I commenced this spotlight with the goal of discovering the ‘terroir’ of Chianti Classico, the distinction between its various crus, and its potential to become driven by the distinctiveness of its varied vineyards rather than its brand. So far, results have been uneven. Querciabella falls within the camp of very good wine hinting at greatness, but not yet providing enough distinctiveness to fully prove ‘terroir’ in Chianti.
The Role of Farming and Vinification in Site Expression
Located in Greve, the more northerly commune known to produce wines that are highly varied in style, Querciabella is a trend-setting winery considered to be amongst the best in Tuscany. They introduced total biodynamics quite early for Chianti (2000-2002). This approach has led to a keen interest in soils and understanding how to grow Sangiovese so that it does not even need the assistance of biodynamic and copper sprays to achieve ideal balance. Hand in hand with improving farming to increase root depth is Querciabella’s embrace of genetic diversity, using both massal selection and clones to ensure in any given year certain plants will perform more ideally than others.
In the cellar Querciabella focuses on barrique ageing, which some might decry. I certainly feel that it provides elegance to the wines, but am curious what could be achieved with the fruit with a more neutral barrel profile.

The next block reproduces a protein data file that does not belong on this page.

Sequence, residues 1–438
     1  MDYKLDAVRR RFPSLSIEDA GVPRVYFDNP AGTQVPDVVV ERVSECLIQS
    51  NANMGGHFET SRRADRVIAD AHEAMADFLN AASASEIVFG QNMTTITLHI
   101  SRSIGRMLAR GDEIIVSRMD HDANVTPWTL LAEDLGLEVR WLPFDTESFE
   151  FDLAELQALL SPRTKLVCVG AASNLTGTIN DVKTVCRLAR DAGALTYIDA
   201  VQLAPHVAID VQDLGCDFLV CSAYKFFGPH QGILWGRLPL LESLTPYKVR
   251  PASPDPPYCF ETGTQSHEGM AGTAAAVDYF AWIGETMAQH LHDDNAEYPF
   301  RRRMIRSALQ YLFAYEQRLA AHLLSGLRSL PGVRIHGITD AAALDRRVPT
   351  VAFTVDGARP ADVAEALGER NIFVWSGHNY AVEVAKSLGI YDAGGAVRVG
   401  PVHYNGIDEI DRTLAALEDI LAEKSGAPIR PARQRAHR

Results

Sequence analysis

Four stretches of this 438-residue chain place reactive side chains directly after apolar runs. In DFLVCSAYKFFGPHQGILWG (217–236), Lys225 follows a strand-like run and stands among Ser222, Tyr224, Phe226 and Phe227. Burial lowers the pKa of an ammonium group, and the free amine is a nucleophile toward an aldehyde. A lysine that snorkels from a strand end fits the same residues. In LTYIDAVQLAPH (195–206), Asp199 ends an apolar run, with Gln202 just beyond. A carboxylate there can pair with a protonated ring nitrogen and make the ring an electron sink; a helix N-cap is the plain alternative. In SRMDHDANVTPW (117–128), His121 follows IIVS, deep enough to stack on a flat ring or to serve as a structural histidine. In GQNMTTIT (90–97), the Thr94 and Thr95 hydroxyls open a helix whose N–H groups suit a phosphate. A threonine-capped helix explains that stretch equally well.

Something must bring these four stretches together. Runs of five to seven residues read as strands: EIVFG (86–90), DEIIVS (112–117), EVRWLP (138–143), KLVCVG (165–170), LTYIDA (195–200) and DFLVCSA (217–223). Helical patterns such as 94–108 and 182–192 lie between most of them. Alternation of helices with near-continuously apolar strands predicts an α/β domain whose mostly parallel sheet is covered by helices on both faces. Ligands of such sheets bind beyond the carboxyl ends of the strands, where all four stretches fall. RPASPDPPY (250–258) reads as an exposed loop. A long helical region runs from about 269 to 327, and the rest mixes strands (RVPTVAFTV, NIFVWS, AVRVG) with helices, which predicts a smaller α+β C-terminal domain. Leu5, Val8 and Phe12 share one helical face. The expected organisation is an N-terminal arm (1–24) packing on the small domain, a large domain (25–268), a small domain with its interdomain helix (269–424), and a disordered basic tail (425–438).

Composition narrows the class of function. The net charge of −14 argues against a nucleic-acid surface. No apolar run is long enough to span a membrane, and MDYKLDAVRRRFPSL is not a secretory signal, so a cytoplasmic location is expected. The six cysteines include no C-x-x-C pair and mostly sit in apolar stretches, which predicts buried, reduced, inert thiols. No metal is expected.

This highlights the twofold path to finding site expression – farming and cellar work. It’s fairly clear to most that both are necessary, intricate processes, but it remains unclear to me the precise choices that seem to work best in Chianti. I certainly have a preference for higher elevation wines vinified neutrally and made with 100% Sangiovese (see, for example, Monteraponi). They seem to let the fruit express itself most purely. That said, wines made in this way are not always the most elegant or structured available in Chianti.
The Agony and Ecstasy of Pure Sangiovese
Querciabella embraces Cabernet Sauvignon, admittedly because Sangiovese is so difficult to work with. I will freely admit that Italy can make truly great Cabernet, and I understand why some winemakers like what it adds to the blend. Querciabella probably offers the best example of what is possible blending Sangiovese and Cabernet Sauvignon both with its top wine Camartina and with this Chianti Classico, which is usually blended with about 10% Cab Sauv (though this vintage is 100% Sangiovese). That said, for my palate I find the grape interferes with what I am looking for in Chianti Classico, and it is why I find more consistency finding the profile I seek with the wines from Montalcino, which all must be 100% Sangiovese.
This 2010 is a well balanced, modern style wine, with dark but plush cherry fruit. It is medium bodied and much more versatile than many of the heavy, and I would argue in some cases over-oaked, riservas.
Chianti does not have the same distinctions yet of Burgundy, Barolo or even Etna (when done right). But as the right producers pursue further research and experimentation and if more producers embrace 100% Sangiovese then I think there is a bright future for site expression in Chianti Classico over the next 10-20 years.
~$50 at Kits Wine